You enter the pasture, halter and leadrope in hand (normally not a threat). You pick out your first 'victim', and head toward him/her. Now remember that it's raining cats, dogs, and other small furry animals, and the horses are all standing with thier tails to the prevaling wind...which puts that wind and rain squarely in your face. As you approach your chosen victim, he looks at you as if to say "Where the H*** have you been? Can't you see I'm WET and COLD?" and he turns away keeping his tail just an arm's length away from your outreached hand...and no one can halter a horse from THAT end. This little dance continues until you give up, because, clearly, the horse won't, and you have others to 'rescue'. So you drop the halter and lead, an pick another victim. This one acceeds to your wishes and comes along peaceably. Soon everyone is in their comfy, DRY stalls with their LUNCH (do you hear that, River? LUNCH), and your willful little escapee is still outside...cold, wet, hungry and alone.

    At this point you're also cold, wet, and hungry and wishing you were alone (so much for waterproof clothing), but you have to try one more time. As you head back to the pasture, (It's still raining fuzzy creatures and it's still cold) the object of your rejection sees you coming and starts to nicker. The look on his face says "I'm sorry", but you're not convinced. As you open the gate he comes up to you, puts his (wet)forehead on your chest and almost halters himself. That last walk back to the barn would be a sweet time, except that you KNOW that this jughead will do this again the next time it rains. Once he's in his stall, you go back to the house, make yourself some hot-chocolate, and start chanting.

  11. I've seen this before, but thank you for posting it again. I really needed a good laugh today.

  12. julia, chasing a horse around can definitely be a good solution for weight loss. We just won't talk about what it's teaching the horse. LOL

    victoria, oh you are so right for those of us that do stalls. And dumping those heavy wheel barrows full of poo must be great from the leg strength. lol

    equinespirit, I'm sure you can come up with some great "new" ideas for Diago, so you don't miss out on these weight loss benefits. lol

    jackie, you are right about that too, chasing the horse around the field might be much more beneficial than lunging. lol

    lori, there seem to be a number of things that the author left out, but I think we're covering them here. Thanks for your contribution. lol

    callie, thanks for the link from you blog. This must have tickled you more than I thought.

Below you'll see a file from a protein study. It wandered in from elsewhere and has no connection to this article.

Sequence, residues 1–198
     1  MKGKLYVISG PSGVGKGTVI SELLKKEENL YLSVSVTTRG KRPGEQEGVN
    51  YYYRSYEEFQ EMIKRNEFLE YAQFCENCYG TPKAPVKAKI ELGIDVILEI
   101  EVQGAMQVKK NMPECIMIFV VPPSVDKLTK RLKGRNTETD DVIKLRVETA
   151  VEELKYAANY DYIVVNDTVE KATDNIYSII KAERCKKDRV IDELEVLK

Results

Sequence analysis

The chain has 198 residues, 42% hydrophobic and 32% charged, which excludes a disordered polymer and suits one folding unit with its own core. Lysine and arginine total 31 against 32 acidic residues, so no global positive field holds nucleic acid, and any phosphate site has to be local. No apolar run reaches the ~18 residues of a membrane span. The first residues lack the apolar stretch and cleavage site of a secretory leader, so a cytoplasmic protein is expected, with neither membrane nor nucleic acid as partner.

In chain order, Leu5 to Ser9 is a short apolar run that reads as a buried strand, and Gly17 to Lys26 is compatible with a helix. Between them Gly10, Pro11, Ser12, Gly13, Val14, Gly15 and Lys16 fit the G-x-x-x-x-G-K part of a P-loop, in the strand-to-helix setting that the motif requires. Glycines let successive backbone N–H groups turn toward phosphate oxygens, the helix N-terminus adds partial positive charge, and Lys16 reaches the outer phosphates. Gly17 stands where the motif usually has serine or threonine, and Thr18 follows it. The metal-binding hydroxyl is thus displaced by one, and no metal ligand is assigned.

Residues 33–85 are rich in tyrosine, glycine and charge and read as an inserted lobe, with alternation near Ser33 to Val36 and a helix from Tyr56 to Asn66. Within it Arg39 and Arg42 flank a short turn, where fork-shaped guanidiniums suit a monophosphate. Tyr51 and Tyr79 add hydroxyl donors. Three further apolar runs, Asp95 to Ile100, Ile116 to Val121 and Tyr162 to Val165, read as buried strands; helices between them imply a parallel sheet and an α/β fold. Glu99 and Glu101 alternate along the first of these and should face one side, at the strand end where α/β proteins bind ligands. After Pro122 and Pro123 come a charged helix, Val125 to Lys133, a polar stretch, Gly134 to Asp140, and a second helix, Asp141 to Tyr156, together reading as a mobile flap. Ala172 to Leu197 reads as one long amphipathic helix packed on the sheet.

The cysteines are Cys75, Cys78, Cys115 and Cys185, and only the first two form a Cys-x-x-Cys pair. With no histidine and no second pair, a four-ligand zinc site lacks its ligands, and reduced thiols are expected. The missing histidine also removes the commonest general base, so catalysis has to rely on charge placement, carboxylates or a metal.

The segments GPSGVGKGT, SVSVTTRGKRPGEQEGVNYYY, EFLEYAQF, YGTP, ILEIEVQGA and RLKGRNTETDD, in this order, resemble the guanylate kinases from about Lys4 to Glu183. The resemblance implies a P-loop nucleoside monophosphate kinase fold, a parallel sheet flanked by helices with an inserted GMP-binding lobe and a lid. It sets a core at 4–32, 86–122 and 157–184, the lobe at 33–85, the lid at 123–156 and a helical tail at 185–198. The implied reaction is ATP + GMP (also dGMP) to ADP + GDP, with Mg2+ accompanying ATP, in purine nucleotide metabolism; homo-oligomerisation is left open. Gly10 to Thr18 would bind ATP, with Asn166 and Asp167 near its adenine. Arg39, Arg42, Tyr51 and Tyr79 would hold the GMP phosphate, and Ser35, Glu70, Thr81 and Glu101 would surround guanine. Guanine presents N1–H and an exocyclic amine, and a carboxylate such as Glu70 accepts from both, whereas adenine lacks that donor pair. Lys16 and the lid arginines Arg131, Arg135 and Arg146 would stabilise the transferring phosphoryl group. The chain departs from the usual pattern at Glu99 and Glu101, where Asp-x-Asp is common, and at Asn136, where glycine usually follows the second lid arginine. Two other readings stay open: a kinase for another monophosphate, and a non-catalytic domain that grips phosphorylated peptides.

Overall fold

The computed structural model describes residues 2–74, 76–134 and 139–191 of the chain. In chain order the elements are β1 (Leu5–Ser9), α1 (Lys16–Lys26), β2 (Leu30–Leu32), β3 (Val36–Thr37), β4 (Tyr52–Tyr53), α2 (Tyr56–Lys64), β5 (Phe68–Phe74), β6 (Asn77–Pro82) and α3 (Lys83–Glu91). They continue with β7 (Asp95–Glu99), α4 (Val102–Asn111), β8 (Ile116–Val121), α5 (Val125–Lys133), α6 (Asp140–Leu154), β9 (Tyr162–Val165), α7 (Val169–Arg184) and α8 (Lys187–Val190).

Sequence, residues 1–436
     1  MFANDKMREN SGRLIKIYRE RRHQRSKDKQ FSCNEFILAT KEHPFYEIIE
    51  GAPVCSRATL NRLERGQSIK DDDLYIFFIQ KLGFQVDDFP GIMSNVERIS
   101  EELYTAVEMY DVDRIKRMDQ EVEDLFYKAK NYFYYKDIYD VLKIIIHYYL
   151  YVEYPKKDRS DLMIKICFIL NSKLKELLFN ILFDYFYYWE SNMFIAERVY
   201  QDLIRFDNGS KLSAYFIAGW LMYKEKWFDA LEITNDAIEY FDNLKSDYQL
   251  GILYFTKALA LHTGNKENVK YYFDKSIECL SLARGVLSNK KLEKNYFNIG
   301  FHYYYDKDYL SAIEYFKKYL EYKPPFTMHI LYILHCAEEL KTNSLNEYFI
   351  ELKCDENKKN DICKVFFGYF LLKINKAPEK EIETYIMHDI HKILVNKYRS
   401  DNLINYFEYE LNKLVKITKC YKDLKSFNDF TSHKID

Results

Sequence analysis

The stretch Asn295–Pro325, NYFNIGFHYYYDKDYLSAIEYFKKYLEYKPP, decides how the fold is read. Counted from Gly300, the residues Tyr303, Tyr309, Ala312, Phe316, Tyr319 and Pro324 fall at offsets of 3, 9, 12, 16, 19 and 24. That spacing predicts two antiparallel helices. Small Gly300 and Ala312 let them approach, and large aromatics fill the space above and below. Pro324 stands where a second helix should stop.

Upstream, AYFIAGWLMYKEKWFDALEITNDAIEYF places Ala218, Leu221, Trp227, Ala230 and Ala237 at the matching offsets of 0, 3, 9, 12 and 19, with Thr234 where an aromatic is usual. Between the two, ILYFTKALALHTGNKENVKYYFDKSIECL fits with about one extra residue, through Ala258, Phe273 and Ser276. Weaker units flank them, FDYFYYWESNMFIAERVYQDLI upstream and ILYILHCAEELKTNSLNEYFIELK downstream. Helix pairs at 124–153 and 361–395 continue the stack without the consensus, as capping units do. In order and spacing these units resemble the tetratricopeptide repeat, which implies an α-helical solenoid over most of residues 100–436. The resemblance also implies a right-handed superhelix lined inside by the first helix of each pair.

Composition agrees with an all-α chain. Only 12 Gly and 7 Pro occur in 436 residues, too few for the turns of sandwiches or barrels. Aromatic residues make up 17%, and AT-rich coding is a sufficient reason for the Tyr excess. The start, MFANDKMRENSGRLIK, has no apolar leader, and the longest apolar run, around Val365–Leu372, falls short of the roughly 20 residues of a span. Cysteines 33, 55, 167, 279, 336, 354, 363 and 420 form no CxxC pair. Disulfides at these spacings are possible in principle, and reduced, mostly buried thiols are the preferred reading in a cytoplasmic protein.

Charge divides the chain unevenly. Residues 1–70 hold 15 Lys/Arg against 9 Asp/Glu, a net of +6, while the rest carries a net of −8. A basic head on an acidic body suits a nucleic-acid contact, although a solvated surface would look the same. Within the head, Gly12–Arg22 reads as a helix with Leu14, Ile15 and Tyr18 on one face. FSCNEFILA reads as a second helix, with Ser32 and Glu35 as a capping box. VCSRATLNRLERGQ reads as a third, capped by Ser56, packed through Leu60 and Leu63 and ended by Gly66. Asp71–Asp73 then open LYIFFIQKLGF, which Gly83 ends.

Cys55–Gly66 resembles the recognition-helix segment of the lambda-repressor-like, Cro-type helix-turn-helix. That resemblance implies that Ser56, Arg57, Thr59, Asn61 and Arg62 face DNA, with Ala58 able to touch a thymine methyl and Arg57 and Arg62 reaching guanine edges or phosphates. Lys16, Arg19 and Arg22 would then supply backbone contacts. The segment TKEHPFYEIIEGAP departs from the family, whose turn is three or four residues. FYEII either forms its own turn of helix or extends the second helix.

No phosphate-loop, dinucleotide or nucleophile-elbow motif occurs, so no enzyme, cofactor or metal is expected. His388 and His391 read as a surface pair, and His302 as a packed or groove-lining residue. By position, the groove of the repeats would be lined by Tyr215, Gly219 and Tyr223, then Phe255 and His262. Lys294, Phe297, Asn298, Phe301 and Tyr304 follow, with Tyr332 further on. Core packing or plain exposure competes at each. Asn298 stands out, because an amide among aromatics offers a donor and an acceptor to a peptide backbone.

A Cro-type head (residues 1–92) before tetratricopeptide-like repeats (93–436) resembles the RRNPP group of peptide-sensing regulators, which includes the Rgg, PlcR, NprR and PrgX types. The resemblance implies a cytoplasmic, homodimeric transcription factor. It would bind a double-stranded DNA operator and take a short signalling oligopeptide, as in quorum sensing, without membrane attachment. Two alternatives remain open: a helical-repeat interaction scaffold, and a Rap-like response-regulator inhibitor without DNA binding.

cg, I think we might even write a book on this topic. Can't you just see, "Horsewomen Unite in taking on Dr Phil - Horses as Exercise!

    jamie, thanks for visiting. Hope to see you again. We'll be needing collaborators on this book.

    notablogger, after reading this I really think you're missing out on not blogging. You have lots to share. LOL

    lady of chaos, I hope the laugh holds you for a while. With the day you've had, I wish I could do more.

  13. This was very funny

  14. I laughed so hard my kids asked what was wrong. I said, nothing, I just renamed what I do when the farrier and/or vet trucks pull up.

  15. Most excellent! An interesting parallel, since most of us see our horses as a kind of soul-mirror of ourselves! Thanks!

  16. That is soo funny, can't stop laughing. I won't tell you how I caught my horses lol.

  17. Okay when we do our book to take on Doctor Phil I want to do all the photos!!!!!!

  18. A very nice post. I smiled a lot. And the horse pictures are always nice.

  19. Oh my word, that is so funny!! I have had my share of times trying to catch certain creatures that just don't want to be caught even with a carrot! Now I will think of it in a more positive light!!!

  20. That is just hysterical!

    Oh yeah, the "hop, hop, hop" ... my favorite exercise.

  21. Bwahahahahaaa!! This post got me giggling!

    Bah on Dr. Phil!

    I always have sore thighs after riding. I think horse-back-riding exercise is much better than those silly thigh-cruncher contraptions.

    And riding comes with lots of fresh air, too....and those wonderful mud-facials, too. (wink)